“To be pretty much a permanent in all three formats, performing well, to have seen success, and then to be on the outside, that’s a really difficult time,” Ali says.
We’re talking two days after the end of an incredible domestic season for him, the likes of which have not been seen in Pakistan. His tiredness can be heard down the phone.
“I remember when Sri Lanka was playing at Gaddafi Stadium [in October 2019], I was doing rehab at the NCA [National Cricket Academy, located at the Gaddafi Stadium]. I cried and asked myself, what am I doing in here while my friends and team-mates are there? I should be out there playing. And we lost as well. Dark times.”
They began with a back injury just before that Sri Lanka series. After bowling 25 overs on an unrewarding Gaddafi Stadium pitch in a Quaid-e-Azam Trophy game, Hasan joined up with the Pakistan squad for a pre-series camp. The back went during a gym session.
“It was workload-related,” he diagnoses. “I was doing deadlifts when it happened. I was fatigued because the workload had been high.”
The injury was not properly identified, and though he found it difficult to walk at the time, he returned after a seven-week rehab for the final round of the Quaid-e-Azam trophy.
“I joined Central Punjab and was flying from Lahore to Karachi when I felt this pain in my ribs. Did a bone scan when I landed and discovered that there were stress fractures in my ribs.”
Six more weeks.
“I was in rehab until this point and I’d been bowling,” he explains. “You have to do core exercises, for injuries, to strengthen the core. In doing that, the load came on to this part of the body.”
More rehab, another return, this time to the 2020 Pakistan Super League, which he played through but without the vim of his early years. Which wasn’t a surprise because his back was in pain again. Rock bottom now and nowhere lower to fall.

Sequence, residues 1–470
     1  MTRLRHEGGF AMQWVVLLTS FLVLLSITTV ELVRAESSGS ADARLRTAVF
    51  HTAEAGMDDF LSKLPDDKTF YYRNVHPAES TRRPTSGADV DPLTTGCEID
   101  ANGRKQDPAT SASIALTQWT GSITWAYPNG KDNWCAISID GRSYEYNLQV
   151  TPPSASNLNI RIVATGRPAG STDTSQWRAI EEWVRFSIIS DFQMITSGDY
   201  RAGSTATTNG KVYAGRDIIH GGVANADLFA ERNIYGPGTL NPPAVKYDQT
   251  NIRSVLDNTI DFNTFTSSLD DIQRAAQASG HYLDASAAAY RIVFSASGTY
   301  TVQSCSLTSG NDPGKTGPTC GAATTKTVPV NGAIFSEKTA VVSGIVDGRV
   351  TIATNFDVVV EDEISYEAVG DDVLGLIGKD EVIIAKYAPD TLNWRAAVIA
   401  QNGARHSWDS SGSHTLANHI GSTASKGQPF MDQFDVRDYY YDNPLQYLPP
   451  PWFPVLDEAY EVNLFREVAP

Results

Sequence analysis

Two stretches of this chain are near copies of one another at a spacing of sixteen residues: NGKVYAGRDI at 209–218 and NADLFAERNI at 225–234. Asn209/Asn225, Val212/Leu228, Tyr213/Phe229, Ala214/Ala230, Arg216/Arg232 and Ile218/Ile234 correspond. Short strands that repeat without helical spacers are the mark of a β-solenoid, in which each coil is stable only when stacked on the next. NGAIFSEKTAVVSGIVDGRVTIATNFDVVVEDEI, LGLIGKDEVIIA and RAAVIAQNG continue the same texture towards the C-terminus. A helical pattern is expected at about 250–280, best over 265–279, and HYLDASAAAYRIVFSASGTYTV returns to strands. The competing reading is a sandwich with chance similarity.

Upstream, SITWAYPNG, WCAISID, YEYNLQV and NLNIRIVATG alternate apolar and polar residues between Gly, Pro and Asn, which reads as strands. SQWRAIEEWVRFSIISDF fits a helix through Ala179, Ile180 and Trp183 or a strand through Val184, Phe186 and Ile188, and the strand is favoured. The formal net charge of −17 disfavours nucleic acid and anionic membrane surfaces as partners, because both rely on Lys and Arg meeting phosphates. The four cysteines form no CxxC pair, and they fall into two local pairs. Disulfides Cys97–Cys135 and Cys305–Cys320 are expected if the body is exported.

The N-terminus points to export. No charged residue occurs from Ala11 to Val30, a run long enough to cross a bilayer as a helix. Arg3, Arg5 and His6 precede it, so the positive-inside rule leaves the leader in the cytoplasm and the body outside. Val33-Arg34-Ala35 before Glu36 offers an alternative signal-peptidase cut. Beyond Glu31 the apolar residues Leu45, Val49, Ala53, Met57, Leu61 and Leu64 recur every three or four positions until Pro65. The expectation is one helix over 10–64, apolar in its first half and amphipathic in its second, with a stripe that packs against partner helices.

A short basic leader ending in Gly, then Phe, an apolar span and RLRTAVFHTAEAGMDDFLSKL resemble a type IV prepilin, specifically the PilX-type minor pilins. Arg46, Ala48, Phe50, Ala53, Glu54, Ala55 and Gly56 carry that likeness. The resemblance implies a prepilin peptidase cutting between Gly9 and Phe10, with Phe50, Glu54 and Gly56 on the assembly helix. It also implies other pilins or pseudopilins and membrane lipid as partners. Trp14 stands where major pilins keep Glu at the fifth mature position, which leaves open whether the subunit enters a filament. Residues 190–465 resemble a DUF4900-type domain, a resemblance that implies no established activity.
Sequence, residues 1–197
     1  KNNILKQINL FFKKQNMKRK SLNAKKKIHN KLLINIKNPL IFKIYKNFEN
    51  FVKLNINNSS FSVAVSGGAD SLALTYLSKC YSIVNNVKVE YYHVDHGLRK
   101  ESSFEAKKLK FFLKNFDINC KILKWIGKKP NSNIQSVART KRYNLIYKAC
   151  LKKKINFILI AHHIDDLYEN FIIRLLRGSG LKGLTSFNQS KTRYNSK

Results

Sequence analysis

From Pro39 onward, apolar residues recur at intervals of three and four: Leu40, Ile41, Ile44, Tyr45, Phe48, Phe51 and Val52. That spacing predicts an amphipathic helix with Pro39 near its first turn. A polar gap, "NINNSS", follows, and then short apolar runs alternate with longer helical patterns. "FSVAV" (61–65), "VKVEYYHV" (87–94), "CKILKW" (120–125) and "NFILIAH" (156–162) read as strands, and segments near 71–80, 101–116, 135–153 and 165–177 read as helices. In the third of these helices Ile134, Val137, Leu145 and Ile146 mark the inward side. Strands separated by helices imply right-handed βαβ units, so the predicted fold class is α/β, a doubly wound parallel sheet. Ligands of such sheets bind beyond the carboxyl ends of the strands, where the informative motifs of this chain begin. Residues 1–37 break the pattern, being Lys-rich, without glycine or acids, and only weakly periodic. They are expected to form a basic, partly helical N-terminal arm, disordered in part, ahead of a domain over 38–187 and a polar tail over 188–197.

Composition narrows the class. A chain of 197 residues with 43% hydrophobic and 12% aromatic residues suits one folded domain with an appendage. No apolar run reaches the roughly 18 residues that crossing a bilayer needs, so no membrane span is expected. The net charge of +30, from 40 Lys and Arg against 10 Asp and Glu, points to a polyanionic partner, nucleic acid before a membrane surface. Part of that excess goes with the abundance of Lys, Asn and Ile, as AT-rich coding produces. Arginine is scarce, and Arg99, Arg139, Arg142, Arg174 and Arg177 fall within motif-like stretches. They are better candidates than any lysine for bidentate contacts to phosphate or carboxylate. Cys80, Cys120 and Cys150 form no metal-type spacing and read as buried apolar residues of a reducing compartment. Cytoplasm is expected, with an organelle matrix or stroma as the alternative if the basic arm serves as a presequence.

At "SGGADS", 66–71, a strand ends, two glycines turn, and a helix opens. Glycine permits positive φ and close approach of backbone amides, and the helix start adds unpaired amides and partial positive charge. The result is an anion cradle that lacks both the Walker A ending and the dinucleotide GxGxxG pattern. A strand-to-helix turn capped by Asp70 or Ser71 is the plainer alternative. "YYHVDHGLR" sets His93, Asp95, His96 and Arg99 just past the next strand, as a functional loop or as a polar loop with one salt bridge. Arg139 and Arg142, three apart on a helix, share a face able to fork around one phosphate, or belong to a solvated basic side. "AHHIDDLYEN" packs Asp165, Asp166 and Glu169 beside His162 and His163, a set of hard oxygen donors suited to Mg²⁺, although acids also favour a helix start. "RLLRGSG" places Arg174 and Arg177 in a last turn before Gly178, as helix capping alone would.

“Covid had happened around this time. I couldn’t go anywhere, couldn’t train anywhere. Had to just stay in the house. And from my lower back right down to my heels, it was like a nerve was pinched. I would be in bed for ten minutes just trying to straighten my back or my legs.”
It was then that the injury was finally properly diagnosed – as an intervertebral disc protrusion – over half a year after its original emergence. Ali began to hear talk from doctors about the need for surgery, and of bowlers who had recovered from the surgery and those who hadn’t. Some days he thought he might never play again, only for his wife and brother to keep the pessimism in check.
One reading of this period of his life is as an indictment of the PCB’s medical department. Where it seems the rest of the world has evolved in the care it takes of its players, the PCB has lagged behind. Proof of that lies in the burgeoning list of elite Pakistani cricketers who have struggled to recover from injuries, or managed their recoveries privately, seeking help abroad.